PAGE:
Professor Louise Archer (King's College London) - 'I like science, but I don't want to be a scientist': Understanding 10-14 year olds science and career aspirations
This presentation draws on data from the ESRC funded ASPIRES project - an on-going, five year longitudinal study of childrens science and career aspirations.
Research shows that age 10-14 is a critical time during which children's aspirations and ideas about science are formed. The ASPIRES project tracks children in England at ages 10, 13 and 14, via a national survey and repeat interviews with children and parents. This paper reports data from the first two phases - in Year 6 (survey with over 9,000 children; interviews with 170 parents and children) and Year 8 (survey with 5,600 pupils and follow up interviews with 85 young people). The paper discusses the complexity of children's aspirations and attitudes to science demonstrating how liking science does not simply translate into future intentions to study science. The paper outlines what contemporary young people aspire to and how aspirations are formed, with particular reference to the role of family and interactions between family habitus and capital. It discusses some of the key factors affecting children's science aspirations and the reasons why so many children learn from an early age that science is interesting ... but not for me. Implications for policy and practice are outlined.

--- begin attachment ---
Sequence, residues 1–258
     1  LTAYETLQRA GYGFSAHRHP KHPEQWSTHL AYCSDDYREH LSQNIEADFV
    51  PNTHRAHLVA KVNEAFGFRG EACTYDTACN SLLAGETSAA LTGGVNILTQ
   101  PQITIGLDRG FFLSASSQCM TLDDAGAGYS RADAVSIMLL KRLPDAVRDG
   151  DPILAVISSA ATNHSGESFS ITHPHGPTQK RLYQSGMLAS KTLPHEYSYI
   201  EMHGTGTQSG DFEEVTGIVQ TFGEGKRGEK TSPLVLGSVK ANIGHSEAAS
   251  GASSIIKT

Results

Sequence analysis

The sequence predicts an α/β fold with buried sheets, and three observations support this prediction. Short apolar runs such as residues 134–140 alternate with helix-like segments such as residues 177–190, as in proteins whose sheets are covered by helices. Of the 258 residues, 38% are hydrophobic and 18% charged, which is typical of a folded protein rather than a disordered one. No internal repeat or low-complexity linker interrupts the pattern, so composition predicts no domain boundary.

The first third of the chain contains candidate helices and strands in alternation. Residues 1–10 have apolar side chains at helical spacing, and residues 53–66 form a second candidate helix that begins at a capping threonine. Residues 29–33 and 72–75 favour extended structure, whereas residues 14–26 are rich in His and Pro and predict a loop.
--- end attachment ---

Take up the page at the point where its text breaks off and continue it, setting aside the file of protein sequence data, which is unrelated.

|A School of Education seminar|
|Speaker(s)||Professor Louise Archer (King's College London)|
|Date||11 June 2013|
|Place||South Cloisters 15|
|Intended audience||Staff, students, visitors from other educational institutions and partnership schools.|
|Registration information||Booking is not required.|
|Cost||Free of charge|
|Professor_Louise_Archer.pdf||Professor Louise Archer's biography and abstract (128K)|
|Professor_Louise_Archer.pdf||Professor Louise Archer's PowerPoint presentation (773K)|
South Cloisters 15